The New York Knicks have made some bad moves over the last couple of decades. Okay; a lot of bad moves. As a result, coming up with any list of the Knicks’ worst decisions is a significant challenge.
But how about we take on the tall task of naming New York’s worst free-agent signings?
Here are the five worst free-agent signings in Knicks history:
5. Amar’e Stoudemire (Five years, $100 million in 2010)
This one is tough, because at the time, it looked like a solid move for the Knicks.
Remember: this was the 2010 free-agent class that included LeBron James, Dwyane Wade and Chris Bosh, all of whom opted to sign with the Miami Heat (or in Wade’s case, re-sign there).
As a result, New York—which had been pursuing all three of those players—had to settle for Stoudemire, who was still one of the best free agents on the market.
The thing was, Stoudemire had a rather extensive injury history, which everyone knew going into the deal.
Stoudemire’s first season in the Big Apple was just fine. He played in 78 games, averaged 25.3 points and 8.2 rebounds per game and led the Knicks to their first playoff appearance since 2004.
But after that, Stoudemire appeared in 47, 29 and 65 contests, respectively, before getting bought out midway through the 2014-15 campaign after participating in 36 games.
I completely understand why New York signed Amar’e; it just didn’t work out.
4. Jared Jeffries (Five years, $30 million in 2006)
To this day, it’s still hard to comprehend just what the Knicks were thinking when they gave Jared Jeffries a five-year deal (then again, it is the Knicks we are talking about here).
Jeffries was coming off of a 2005-06 campaign with the Washington Wizards in which he averaged a pedestrian 6.4 points and 4.9 rebounds per game while posting a true-shooting percentage of 50 percent.
Yet, somehow, New York felt he was worth a lengthy contract.
It didn’t take long for the Knicks to figure out that they made a mistake, as Jeffries logged just 4.1 points and 4.3 boards in 55 games in his debut season.
He played three-and-a-half seasons with New York before being traded to the Houston Rockets midway through 2009-10, and you know what the best part is? The Knicks actually re-acquired Jeffries off waivers the following year.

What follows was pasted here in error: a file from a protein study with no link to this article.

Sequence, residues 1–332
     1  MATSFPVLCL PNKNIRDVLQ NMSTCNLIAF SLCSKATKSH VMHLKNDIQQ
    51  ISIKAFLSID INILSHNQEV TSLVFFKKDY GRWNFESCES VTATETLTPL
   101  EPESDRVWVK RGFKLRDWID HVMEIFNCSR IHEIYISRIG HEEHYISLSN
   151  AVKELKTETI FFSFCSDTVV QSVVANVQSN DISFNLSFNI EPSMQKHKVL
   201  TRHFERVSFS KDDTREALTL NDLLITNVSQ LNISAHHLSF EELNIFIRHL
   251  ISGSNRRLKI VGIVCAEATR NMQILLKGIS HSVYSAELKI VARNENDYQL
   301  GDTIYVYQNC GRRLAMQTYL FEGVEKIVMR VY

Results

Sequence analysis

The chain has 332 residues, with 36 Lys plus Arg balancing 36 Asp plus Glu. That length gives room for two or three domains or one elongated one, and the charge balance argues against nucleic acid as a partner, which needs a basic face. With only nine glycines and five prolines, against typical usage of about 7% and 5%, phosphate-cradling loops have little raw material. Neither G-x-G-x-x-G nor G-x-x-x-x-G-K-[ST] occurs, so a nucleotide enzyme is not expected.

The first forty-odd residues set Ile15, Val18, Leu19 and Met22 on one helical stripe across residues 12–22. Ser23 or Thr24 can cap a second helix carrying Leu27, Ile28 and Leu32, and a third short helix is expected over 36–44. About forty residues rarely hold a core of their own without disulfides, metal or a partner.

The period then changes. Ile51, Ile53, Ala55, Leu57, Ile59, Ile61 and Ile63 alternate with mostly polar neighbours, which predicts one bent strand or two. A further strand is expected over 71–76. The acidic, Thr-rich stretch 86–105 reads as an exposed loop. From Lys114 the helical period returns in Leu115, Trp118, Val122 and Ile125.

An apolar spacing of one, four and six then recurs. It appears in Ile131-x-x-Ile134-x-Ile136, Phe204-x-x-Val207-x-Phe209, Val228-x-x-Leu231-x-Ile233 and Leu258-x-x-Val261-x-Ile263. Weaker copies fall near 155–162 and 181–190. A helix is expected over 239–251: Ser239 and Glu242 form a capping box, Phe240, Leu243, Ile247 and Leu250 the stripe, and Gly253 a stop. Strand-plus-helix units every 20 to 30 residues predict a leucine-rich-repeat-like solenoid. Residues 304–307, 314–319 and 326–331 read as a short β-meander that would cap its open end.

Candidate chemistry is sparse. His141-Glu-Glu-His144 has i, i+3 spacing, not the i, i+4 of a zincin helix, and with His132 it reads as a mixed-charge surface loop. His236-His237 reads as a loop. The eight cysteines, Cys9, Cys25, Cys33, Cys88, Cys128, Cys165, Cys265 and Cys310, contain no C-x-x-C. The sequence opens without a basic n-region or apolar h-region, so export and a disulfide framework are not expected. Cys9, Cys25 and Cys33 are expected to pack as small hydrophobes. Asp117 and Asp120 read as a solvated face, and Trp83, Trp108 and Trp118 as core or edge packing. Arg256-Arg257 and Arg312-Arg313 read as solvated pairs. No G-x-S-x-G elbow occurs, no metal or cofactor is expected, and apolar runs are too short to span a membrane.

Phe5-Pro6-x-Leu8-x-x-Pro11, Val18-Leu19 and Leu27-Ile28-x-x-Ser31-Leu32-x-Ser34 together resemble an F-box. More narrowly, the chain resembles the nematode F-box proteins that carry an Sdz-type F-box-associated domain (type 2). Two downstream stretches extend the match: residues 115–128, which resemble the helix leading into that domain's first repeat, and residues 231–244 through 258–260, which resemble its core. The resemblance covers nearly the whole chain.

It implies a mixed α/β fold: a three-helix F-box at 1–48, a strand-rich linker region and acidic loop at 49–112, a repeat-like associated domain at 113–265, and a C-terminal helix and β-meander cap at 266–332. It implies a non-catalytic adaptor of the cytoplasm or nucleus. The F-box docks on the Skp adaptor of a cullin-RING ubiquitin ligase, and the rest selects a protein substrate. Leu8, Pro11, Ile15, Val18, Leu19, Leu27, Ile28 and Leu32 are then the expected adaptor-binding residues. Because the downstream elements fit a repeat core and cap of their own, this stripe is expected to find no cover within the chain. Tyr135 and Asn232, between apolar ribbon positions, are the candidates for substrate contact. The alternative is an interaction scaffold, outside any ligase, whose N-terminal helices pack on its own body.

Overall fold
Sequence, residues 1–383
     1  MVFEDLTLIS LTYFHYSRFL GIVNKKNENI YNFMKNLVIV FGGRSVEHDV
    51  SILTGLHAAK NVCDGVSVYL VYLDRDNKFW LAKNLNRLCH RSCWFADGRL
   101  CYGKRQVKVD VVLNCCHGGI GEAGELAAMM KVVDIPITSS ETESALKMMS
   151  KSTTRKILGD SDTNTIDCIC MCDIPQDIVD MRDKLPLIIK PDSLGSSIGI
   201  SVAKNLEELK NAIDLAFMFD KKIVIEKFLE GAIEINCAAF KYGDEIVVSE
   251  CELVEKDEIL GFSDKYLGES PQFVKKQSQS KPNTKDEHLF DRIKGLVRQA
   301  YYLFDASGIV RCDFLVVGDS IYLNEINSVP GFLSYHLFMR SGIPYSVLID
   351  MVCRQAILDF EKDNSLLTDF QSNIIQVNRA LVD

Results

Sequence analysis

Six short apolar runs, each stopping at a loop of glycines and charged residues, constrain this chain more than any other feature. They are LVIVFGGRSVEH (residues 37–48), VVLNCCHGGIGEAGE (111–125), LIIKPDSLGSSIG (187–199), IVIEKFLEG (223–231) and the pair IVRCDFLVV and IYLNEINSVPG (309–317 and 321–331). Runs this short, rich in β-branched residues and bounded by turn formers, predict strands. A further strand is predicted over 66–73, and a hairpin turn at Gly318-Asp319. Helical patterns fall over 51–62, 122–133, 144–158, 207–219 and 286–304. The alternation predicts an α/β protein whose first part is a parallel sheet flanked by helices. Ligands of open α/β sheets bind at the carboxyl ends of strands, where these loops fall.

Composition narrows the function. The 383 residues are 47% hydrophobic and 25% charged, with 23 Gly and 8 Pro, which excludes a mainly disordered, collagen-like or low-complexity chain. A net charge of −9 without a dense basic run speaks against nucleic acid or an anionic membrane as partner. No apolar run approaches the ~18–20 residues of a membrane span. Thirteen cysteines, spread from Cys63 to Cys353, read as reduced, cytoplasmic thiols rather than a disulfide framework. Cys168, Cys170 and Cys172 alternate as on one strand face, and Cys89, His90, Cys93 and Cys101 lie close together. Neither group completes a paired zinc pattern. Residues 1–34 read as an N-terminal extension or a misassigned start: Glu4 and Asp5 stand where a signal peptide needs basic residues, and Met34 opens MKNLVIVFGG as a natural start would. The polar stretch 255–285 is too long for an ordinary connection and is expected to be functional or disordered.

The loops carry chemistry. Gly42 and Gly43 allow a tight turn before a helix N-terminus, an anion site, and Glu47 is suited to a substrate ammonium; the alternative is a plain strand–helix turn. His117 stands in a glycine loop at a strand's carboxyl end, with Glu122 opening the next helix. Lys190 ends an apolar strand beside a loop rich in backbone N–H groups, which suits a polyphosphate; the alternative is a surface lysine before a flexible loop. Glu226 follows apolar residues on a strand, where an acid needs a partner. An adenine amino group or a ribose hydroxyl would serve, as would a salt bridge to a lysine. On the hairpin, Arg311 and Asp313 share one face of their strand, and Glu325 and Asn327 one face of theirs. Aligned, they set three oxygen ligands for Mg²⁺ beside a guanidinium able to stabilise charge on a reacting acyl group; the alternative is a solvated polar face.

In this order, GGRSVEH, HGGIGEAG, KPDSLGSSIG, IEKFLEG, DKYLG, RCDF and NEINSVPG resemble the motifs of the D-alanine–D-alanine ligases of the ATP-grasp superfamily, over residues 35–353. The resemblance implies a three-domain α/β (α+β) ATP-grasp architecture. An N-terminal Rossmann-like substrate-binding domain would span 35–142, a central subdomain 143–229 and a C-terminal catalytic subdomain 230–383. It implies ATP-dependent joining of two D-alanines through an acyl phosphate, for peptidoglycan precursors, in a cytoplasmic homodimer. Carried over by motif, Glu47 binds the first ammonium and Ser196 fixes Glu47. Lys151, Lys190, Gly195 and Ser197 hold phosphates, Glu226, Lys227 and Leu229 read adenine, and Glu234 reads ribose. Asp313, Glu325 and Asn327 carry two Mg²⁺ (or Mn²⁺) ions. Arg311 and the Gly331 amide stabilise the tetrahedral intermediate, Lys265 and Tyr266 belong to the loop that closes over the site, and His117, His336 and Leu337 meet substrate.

3. Jerome James (Five years, $30 Million in 2005)
Remember that time the Knicks signed Jerome James to be their starting center and he proceeded to start just 20 games in four seasons with the club?
If anyone owes their career pay day to one decent playoff run, it’s James.
After averaging 12.5 points and 6.8 rebounds per game during the 2005 playoffs with the Seattle Supersonics, James suddenly found himself to be a sought-after big man on the free-agent market. Well, sought-after by the Knicks, anyway.
New York completely ignored the fact that James posted just 4.9 points and three boards a night throughout the entirety of the 2004-05 campaign overall and the fact the he never averaged six points per game in any one season.
Not surprisingly, James played in just 45 games in his first season with the Knicks and 41 in his second. In the third and fourth years of his deal? James appeared in a grand total of four contests. He was traded to the Chicago Bulls midway through the 2008-09 campaign.
2. Eddy Curry (Six years, $60 Million in 2005)
The Knicks landed Eddy Curry in a sign-and-trade with the Bulls in October 2005, handing him $10 million a year in the process.
At the time, it looked like a move that could potentially pay off, as there was no doubting Curry’s talent. However, he had a congenital heart condition, and what some may have called laziness on his part may have been due to his heart issues.
Regardless, the Curry signing did not exactly work out for New York.
He did have a rather strong season in his second year, averaging 19.5 points and seven rebounds per game while shooting a robust 57.6 percent from the floor. Sure, his defense left much to be desired, but there was no denying his offensive talent.
But that was where the road essentially ended for Curry.
He played in 59, three and seven games over the next three seasons, respectively, before the Knicks traded him to the Minnesota Timberwolves in February 2011 (he didn’t actually play during the 2010-11 campaign at all).
Curry is absolutely one of those “what could have been” stories in the NBA.
1. Joakim Noah (Four years, $72 Million in 2016)
This was when everyone figured out that Phil Jackson was simply not cut out to be an NBA executive.
Had Jackson signed Joakim Noah to this deal in 2013? Fine. But in 2016? When Noah had already stacked up multiple injuries (he played in just 29 games during his final season in Chicago) and was barely even a shell of the player he once was?
Noah played in 46 games during his first season with the Knicks, recording five points and 8.8 rebounds per game. He missed almost half the year due to injuries and a drug suspension.
The following season? Noah appeared in seven contests.
New York ended up waiving Noah in October 2018 and had to stretch the $19.3 million he was due in 2019-20 (what would have been the final year of his deal) across multiple seasons.
Now, the Knicks are paying Noah $6.431 million a year through 2021-22.
The cherry on top? That money counts toward New York’s salary cap.
Noah was, unquestionably, the worst free-agent signing in Knicks history.